Let’s hear it for the red...

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Business

Thai Silks shutters Los Altos store this month

Thai Silks shutters Los Altos store this month


Megan V. Winslow/Town Crier
After more than 50 years in business in downtown Los Altos, Thai Silks is closing up shop at 252 State St. by the end of the month. The store will continue to offer its inventory online and via phone.

A longtime downtown ...

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Books

People

ALAN FRAZIER KREMEN, MD, PHD

ALAN FRAZIER KREMEN, MD, PHD

Alan Frazier Kremen, MD, PhD, aged 68, loving father & surgeon, of Stockton peacefully passed away on June 13th, 2015.

Born in Minneapolis on December 17, 1946, he received a BA from Stanford University, 1968, a PhD in Philosophy from the Univ...

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Travel

Venetian spa offers ways to de-stress

Venetian spa offers ways to de-stress


Courtesy of The VEnetian
The HydroSpa in the Canyon Ranch SpaClub at The Venetian in Las Vegas offers a muscle-relaxing bath and radiant lounge chairs.

Vegas cab drivers usually ask if you won or lost as soon as you get in their vehicles. They assum...

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Stepping Out

'Town' closes down

'Town' closes down


Chris Peoples/Special to the Town Crier
Hope Cladwell (played by Krista Joy Serpa) and Bobby Strong (Lewis Rawlinson) get romantic during their duet in “Urinetown: The Musical.”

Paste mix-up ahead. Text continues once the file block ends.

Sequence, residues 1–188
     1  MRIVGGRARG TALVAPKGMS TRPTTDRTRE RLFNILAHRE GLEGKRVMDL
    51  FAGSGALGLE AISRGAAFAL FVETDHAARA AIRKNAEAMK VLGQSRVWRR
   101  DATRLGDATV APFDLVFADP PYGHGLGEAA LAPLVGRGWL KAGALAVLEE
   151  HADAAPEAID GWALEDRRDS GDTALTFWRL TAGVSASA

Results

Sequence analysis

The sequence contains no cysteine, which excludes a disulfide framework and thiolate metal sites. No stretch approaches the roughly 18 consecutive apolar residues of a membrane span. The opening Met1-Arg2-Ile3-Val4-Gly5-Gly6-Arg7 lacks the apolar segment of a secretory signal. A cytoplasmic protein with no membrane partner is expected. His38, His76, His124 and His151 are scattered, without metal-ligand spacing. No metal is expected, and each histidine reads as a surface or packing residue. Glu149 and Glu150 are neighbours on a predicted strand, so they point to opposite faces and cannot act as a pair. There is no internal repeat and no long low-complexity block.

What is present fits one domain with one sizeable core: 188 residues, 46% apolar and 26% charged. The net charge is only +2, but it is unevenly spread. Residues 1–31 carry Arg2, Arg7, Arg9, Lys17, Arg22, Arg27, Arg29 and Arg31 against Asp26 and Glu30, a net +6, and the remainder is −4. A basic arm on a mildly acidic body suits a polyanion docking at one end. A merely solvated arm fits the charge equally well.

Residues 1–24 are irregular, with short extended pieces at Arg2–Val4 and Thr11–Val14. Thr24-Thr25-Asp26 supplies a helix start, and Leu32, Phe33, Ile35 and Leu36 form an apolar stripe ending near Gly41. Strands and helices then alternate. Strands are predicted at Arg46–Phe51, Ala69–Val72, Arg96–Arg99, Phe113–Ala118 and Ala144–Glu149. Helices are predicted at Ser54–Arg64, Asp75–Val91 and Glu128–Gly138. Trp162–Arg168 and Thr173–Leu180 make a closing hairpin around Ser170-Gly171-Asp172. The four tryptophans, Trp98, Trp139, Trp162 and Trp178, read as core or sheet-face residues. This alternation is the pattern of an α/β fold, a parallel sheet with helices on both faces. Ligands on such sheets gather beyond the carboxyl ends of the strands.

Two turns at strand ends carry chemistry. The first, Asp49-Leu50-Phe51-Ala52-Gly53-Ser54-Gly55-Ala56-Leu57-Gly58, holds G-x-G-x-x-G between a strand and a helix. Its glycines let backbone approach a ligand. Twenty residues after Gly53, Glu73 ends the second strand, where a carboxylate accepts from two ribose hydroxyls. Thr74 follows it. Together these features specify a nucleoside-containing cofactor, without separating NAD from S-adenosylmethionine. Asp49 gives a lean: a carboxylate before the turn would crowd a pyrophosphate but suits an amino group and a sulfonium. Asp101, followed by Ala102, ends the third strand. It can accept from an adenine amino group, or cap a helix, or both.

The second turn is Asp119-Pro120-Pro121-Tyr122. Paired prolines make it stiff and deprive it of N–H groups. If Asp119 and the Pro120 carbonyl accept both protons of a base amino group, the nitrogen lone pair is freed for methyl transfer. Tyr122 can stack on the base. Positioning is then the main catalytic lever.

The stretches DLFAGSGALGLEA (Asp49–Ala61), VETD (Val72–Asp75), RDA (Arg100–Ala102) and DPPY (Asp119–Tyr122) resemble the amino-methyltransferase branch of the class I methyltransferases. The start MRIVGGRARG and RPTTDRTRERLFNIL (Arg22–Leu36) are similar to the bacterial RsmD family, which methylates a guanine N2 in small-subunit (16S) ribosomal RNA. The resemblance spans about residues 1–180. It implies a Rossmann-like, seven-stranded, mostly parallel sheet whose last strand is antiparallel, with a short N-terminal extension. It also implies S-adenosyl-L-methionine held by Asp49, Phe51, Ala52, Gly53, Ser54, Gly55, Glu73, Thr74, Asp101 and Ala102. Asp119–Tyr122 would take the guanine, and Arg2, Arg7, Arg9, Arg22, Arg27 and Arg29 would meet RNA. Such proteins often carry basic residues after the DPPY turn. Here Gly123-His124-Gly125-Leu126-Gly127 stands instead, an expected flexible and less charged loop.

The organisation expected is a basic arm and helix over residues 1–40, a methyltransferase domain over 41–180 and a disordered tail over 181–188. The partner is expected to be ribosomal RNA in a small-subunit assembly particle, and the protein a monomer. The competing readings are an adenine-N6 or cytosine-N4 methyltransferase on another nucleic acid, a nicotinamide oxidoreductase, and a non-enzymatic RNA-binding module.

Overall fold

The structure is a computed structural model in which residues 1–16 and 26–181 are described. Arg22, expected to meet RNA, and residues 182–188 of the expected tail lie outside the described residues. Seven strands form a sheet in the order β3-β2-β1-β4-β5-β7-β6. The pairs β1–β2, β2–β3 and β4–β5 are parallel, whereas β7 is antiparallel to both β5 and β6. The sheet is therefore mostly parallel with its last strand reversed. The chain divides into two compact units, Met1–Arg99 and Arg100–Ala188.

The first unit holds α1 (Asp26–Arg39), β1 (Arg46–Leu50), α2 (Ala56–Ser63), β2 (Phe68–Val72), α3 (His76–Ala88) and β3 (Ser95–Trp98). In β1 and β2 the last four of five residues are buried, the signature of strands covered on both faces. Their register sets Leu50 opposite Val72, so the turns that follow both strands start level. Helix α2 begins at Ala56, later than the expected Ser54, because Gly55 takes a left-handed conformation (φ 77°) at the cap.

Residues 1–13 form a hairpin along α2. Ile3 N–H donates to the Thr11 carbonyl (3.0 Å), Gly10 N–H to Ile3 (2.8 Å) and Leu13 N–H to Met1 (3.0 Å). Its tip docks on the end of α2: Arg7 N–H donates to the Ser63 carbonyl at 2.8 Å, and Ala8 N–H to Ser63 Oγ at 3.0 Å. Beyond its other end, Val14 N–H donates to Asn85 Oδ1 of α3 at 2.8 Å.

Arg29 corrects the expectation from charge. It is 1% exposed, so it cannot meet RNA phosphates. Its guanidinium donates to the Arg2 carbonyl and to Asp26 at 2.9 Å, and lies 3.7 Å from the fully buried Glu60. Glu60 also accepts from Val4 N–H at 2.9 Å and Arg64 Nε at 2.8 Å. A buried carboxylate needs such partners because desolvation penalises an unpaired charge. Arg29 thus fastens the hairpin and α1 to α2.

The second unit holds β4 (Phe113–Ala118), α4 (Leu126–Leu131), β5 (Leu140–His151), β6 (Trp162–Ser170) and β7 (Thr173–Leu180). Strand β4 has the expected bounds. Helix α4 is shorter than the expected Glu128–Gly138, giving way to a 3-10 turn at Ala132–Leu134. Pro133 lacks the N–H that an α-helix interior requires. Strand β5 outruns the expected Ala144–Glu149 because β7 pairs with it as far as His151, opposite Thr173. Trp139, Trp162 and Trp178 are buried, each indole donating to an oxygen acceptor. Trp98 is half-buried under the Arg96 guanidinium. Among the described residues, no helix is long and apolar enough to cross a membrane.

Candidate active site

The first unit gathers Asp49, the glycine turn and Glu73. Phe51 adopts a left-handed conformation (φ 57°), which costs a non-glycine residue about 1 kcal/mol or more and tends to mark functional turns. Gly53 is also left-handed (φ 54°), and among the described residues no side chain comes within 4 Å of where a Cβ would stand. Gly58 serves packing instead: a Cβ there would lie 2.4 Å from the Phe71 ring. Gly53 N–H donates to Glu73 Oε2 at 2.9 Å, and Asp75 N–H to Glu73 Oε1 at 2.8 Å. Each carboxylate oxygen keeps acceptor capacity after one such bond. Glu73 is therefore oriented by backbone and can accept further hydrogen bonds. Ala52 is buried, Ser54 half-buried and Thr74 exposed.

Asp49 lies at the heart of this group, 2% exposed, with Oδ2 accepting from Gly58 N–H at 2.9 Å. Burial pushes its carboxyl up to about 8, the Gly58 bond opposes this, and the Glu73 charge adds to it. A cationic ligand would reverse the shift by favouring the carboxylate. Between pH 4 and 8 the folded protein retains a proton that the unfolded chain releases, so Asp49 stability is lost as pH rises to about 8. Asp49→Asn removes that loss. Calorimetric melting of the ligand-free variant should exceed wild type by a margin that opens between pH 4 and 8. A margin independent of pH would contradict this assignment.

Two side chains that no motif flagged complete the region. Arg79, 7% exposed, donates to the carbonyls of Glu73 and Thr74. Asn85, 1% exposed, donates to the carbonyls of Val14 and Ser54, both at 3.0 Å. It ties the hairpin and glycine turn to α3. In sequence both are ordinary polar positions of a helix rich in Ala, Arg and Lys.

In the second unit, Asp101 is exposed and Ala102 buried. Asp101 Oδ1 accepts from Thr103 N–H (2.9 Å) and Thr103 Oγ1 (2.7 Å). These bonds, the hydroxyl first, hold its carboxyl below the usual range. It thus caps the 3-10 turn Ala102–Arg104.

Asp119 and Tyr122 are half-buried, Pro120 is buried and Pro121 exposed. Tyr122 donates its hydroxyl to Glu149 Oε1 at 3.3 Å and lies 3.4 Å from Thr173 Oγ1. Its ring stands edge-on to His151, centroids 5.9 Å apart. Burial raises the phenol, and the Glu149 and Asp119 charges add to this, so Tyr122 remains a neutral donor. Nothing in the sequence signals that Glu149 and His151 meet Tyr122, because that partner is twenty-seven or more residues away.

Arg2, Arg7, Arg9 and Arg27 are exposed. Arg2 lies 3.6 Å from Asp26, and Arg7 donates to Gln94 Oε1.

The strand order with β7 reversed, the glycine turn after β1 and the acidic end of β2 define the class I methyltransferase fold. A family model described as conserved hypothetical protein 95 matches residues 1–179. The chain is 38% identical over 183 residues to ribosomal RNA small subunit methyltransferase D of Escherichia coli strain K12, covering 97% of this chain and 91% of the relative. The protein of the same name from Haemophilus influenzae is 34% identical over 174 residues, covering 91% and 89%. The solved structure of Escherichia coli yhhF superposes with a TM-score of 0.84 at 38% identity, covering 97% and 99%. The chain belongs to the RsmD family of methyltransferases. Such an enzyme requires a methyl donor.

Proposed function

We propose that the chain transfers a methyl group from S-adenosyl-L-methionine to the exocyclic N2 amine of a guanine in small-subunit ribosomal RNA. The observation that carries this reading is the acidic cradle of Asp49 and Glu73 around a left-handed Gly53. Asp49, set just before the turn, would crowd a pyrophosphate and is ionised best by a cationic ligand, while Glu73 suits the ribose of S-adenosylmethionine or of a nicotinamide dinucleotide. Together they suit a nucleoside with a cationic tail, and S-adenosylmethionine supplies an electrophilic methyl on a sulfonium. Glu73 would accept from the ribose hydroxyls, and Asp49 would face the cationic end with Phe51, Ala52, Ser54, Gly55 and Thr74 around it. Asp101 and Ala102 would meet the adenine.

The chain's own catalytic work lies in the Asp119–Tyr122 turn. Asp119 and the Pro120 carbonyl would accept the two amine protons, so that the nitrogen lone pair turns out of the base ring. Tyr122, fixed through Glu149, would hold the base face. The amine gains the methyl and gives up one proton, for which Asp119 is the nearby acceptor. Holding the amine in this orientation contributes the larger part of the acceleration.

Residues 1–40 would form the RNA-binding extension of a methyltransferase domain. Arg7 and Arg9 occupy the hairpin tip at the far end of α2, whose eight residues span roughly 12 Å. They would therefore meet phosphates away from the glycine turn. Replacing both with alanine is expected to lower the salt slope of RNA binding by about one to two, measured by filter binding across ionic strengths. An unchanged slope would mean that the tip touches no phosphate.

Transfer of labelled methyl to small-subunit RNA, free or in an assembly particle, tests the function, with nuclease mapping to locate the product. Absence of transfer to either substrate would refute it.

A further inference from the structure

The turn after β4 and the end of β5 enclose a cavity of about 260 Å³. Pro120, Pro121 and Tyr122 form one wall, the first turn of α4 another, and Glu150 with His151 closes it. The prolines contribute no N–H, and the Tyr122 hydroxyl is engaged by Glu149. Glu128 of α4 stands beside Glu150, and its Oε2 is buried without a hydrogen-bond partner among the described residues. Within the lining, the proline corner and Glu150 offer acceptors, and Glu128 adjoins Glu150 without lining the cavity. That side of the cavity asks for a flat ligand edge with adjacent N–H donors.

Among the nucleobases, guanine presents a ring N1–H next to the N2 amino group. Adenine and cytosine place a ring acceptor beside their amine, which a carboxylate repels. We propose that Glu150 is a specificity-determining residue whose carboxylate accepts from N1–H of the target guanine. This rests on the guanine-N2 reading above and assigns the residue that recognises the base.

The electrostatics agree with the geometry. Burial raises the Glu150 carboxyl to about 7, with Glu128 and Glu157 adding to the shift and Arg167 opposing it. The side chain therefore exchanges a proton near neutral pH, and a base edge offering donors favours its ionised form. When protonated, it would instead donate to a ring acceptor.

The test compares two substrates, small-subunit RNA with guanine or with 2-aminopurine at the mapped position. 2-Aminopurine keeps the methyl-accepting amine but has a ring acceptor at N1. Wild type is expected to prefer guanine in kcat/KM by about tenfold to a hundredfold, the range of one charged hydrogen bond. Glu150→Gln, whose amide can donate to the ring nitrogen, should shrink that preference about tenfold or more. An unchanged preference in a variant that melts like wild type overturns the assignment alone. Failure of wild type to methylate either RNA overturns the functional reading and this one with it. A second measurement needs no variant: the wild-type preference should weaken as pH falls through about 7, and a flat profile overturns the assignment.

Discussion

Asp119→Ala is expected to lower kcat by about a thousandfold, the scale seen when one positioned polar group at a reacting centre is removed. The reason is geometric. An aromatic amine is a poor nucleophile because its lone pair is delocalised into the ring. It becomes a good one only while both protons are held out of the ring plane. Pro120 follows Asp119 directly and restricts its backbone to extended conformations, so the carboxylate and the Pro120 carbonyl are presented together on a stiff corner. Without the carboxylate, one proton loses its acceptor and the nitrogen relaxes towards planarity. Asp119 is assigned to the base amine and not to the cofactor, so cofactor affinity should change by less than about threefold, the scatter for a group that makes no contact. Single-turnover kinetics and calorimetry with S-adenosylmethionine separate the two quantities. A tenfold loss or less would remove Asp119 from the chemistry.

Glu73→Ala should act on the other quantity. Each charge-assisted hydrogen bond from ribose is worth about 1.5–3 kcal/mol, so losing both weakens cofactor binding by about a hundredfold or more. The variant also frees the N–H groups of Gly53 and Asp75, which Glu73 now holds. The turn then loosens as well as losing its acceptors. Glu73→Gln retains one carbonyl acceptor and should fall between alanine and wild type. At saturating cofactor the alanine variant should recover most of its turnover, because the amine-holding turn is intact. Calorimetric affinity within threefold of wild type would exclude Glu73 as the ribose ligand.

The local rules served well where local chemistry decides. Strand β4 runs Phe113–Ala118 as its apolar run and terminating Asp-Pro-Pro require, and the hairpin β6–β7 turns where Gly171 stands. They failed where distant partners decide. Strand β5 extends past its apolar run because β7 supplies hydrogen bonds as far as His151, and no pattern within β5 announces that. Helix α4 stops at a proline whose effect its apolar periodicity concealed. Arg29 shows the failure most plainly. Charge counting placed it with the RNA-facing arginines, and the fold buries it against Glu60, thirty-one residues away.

The Los Altos Stage Company production of “Urinetown: The Musical” ...

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Spiritual Life

Magazine

Living it up Older adults aim to age in place

Living it up Older adults aim to age in place


Megan V. Winslow/Town Crier
Local enthusiasts flock to the Los Altos Senior Center to play bocce ball. The center hosts informal games four days a week and occasional tournaments.

As baby boomers in Los Altos, Los Altos Hills and Mountain View nose...

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Inside Mountain View

Carrying the torch

Carrying the torch


Members of the Mountain View Police Department carry the Special Olympics torch as they run along El Camino Real between Sunnyvale and Palo Alto June 18. Members of the department participate in the relay annually to show their support for Spec...

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Letters to the Editor